For example, fringe benefits to members – such as pensioner lunches, access to financial education and advice – may be lost. But, more importantly, members will lose any chance of getting better benefits than those promised – for example, through discretionary pension increases.
Research by pension consultant Willis Towers Watson shows that only ten per cent of schemes granted discretionary increases in 2022, but six out of ten trustees considered doing so.
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This has become more of a current issue with inflation in double figures and many pension schemes capping annual increases at a maximum 5 per cent.
In terms of protection, a pension scheme taken over by an insurer provides members with greater assurances. The Financial Services Compensation Scheme provides a lifeboat to policyholders in the event of an insurer failing. This currently covers 100 per cent of pension benefits.
In comparison, the equivalent lifeboat scheme in the defined pensions landscape is the Pension Protection Fund. It typically results in member benefits being compromised.
Insurers take over defined benefit pension schemes to make a profit. The more surplus assets that a scheme has to meet future liabilities from members drawing an income, the more likely it is to be snapped up by an insurer. Henry Tapper, founder of pension firm AgeWage, says: ‘Where an employer’s capacity to meet further cash-calls from pension trustees is compromised, a buy-out by an insurer is likely to be good news.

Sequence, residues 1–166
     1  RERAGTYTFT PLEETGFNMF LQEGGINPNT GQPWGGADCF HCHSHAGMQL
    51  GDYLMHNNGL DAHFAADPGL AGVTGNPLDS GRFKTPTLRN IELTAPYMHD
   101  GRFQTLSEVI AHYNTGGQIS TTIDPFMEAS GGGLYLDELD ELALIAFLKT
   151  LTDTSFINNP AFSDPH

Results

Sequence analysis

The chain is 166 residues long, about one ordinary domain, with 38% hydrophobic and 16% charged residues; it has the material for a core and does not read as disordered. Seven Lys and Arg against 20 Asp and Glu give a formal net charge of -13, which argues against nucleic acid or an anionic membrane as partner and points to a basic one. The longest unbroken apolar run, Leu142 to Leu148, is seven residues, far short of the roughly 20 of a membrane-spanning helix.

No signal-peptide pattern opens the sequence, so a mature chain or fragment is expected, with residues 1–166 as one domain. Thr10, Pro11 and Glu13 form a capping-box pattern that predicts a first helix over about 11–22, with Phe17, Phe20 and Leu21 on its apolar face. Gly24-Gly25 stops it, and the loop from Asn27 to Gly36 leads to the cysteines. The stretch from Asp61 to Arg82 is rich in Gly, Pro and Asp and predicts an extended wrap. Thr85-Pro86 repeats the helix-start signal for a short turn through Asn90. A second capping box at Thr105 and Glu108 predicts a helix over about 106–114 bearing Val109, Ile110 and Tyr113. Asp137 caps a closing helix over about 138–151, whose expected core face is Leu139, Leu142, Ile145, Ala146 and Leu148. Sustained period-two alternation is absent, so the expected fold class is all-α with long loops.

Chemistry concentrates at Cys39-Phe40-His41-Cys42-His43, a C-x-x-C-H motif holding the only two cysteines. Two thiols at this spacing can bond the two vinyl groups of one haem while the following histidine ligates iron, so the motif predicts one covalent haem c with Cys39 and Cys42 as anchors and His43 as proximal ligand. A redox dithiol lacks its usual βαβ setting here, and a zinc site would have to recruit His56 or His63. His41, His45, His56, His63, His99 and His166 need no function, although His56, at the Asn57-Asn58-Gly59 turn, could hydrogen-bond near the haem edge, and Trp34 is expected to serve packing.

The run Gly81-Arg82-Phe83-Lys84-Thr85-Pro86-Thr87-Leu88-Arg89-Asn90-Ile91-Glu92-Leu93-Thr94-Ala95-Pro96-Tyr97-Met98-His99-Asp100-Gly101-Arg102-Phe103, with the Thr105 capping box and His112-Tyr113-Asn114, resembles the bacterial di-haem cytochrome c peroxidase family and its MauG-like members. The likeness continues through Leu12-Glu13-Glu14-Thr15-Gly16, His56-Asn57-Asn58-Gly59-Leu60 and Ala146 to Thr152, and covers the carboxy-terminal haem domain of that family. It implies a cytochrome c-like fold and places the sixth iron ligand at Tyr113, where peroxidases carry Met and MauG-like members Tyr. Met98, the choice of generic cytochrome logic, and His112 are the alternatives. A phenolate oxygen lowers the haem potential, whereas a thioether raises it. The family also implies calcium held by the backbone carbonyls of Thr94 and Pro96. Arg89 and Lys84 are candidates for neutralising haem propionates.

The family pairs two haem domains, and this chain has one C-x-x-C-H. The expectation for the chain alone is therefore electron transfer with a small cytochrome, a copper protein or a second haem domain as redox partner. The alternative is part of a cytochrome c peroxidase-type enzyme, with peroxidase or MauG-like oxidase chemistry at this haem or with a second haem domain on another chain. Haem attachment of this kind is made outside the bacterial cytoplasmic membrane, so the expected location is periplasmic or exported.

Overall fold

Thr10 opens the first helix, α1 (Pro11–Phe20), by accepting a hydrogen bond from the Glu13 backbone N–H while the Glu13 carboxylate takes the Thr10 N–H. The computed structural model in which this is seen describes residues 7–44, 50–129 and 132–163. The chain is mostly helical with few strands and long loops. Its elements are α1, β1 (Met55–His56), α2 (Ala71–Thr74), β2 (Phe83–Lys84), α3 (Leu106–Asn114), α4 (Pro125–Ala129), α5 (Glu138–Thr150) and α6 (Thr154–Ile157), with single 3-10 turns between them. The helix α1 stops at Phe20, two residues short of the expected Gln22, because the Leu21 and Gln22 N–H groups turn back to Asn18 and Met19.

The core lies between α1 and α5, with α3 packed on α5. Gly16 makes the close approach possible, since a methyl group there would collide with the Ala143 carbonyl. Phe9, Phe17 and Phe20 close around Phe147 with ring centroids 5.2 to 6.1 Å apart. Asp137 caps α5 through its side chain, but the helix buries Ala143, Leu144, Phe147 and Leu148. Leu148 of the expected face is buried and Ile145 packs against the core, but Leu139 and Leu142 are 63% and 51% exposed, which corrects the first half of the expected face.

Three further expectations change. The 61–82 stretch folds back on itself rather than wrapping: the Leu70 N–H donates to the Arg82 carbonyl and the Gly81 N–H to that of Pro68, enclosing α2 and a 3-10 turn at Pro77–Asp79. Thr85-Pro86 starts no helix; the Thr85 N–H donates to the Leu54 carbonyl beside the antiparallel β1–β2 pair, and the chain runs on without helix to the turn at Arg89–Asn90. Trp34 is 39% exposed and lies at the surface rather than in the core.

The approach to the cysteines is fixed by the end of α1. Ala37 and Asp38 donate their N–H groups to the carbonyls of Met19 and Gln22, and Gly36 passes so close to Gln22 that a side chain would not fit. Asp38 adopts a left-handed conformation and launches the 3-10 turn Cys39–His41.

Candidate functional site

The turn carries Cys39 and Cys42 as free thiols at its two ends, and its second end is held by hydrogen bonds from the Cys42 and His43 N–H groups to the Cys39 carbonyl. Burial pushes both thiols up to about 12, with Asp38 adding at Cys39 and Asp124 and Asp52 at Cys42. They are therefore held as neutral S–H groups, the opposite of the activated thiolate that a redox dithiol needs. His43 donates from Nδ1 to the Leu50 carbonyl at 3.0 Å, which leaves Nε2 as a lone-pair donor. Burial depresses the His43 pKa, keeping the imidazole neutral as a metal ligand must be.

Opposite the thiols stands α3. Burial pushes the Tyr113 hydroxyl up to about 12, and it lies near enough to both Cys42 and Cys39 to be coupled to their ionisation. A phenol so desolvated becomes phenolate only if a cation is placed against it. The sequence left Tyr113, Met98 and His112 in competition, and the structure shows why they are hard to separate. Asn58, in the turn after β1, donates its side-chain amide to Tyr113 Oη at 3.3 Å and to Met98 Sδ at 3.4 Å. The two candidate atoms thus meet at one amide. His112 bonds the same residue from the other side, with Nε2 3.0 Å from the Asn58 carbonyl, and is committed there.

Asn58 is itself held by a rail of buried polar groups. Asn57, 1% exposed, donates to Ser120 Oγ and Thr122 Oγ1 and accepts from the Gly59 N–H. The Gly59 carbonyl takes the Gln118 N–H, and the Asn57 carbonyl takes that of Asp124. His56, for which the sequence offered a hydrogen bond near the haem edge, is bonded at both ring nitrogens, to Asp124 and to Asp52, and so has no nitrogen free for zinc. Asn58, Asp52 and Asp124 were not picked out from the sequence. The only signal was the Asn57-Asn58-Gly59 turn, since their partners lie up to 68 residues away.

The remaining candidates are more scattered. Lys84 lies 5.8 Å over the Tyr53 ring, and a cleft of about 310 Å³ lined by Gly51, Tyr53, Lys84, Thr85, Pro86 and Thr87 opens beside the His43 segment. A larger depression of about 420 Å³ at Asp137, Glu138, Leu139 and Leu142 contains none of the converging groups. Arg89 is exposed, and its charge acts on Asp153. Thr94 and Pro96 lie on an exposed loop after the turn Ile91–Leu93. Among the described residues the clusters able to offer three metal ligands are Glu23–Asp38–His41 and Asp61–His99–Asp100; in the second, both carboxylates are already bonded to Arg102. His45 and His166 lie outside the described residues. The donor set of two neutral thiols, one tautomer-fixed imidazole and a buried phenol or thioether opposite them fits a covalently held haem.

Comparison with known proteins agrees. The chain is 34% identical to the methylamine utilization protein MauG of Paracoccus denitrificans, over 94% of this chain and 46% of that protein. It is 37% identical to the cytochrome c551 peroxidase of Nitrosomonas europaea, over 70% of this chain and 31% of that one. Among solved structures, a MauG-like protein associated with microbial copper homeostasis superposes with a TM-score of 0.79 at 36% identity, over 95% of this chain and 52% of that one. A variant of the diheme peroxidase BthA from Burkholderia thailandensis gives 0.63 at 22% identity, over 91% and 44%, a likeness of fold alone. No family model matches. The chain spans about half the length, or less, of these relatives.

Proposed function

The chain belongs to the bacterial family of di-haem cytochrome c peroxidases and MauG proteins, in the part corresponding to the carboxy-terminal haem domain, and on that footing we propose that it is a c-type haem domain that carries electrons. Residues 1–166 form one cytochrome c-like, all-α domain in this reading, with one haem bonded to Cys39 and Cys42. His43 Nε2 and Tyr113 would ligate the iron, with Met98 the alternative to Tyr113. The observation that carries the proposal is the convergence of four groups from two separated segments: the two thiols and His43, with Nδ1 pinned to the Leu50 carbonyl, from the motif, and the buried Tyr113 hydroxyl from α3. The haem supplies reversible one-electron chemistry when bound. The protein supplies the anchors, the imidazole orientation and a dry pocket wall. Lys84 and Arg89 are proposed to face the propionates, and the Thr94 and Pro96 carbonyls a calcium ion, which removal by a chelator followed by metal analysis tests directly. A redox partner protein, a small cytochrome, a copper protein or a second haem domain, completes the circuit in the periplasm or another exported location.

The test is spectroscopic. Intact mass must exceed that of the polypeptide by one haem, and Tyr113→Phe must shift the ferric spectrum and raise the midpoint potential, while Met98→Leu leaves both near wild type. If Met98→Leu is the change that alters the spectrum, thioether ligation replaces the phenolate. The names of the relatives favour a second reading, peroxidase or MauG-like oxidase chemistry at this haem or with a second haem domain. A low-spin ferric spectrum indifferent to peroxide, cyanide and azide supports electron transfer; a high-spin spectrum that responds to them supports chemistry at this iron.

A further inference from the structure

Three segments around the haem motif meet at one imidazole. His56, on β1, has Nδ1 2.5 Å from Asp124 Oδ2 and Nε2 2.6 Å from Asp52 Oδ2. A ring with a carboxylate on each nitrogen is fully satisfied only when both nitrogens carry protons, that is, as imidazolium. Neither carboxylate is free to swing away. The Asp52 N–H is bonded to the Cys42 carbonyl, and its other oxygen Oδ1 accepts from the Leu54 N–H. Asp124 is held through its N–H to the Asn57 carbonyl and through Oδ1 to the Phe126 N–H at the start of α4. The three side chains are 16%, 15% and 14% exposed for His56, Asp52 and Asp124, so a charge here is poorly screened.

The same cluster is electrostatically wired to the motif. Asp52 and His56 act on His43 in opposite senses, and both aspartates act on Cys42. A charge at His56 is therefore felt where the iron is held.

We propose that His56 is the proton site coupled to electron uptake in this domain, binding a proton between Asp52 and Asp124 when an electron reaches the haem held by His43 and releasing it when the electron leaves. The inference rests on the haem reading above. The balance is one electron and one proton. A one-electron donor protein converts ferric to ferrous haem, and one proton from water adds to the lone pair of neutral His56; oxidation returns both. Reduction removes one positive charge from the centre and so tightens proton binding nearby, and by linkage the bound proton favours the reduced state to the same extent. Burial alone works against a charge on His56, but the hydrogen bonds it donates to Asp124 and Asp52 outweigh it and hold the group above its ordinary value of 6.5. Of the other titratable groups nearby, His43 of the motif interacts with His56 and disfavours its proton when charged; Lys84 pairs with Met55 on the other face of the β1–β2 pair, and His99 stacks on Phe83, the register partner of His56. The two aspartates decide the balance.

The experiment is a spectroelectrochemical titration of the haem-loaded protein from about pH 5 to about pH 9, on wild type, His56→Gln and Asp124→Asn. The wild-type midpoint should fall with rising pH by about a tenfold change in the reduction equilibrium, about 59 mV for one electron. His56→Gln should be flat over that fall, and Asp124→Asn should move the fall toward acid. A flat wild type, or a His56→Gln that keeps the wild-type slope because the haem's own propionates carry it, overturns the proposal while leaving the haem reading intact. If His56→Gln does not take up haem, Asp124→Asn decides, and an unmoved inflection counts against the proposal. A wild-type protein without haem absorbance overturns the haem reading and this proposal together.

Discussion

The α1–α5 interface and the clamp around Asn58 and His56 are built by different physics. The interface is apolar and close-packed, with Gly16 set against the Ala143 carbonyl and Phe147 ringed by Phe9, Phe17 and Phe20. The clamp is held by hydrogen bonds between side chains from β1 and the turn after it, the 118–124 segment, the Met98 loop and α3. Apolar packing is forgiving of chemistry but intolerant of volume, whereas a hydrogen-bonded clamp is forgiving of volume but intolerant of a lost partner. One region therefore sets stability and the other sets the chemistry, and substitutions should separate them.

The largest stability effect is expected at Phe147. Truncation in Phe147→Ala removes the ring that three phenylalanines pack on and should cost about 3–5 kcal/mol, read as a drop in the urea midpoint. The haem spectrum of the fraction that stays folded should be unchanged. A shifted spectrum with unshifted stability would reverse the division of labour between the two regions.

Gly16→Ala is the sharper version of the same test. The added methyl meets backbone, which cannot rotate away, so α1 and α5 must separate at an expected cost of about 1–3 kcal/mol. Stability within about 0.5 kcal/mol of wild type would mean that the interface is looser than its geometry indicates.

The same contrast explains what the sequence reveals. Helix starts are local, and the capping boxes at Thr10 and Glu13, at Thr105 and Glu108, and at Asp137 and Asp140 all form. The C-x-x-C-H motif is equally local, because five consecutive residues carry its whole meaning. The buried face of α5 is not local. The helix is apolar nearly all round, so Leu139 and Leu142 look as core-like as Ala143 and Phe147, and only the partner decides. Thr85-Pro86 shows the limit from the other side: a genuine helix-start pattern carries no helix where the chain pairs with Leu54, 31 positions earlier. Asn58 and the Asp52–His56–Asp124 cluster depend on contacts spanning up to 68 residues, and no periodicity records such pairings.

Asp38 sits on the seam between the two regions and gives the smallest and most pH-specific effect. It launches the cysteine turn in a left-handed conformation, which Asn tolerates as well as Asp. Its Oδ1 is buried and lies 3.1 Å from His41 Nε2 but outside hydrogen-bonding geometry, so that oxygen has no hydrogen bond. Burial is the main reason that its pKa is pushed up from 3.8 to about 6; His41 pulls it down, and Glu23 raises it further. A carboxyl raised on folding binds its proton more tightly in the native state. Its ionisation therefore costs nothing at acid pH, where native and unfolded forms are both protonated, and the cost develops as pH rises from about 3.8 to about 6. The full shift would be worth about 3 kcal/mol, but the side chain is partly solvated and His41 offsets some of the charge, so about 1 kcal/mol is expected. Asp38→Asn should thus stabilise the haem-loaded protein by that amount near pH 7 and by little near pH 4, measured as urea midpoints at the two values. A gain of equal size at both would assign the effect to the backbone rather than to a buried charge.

‘But sadly, weakly sponsored schemes are usually weakly funded and in a buyer’s market, weak schemes are unlikely to get bought out.’
Tapper is also worried about the ‘concentration risk’ caused by such a small pool of insurers prepared to take on the liabilities of pension schemes. He warns: ‘A failure of just one of these insurers could wreak far more damage than Maxwell or Equitable Life ever did.’
Joe Dabrowski, deputy director in charge of policy at the Pensions and Lifetime Savings Association, agrees. He says: ‘There are potentially future systemic concentration risks which the Bank of England and Prudential Regulation Authority (PRA) will need to be alive to.
‘But the current regulatory regime and solvency standards required of insurers are robust, providing pension members with strong levels of protection.’
The PRA is currently undertaking a ‘thematic review’ of insurers involved in the purchase of pension schemes. But systemic failure is remote.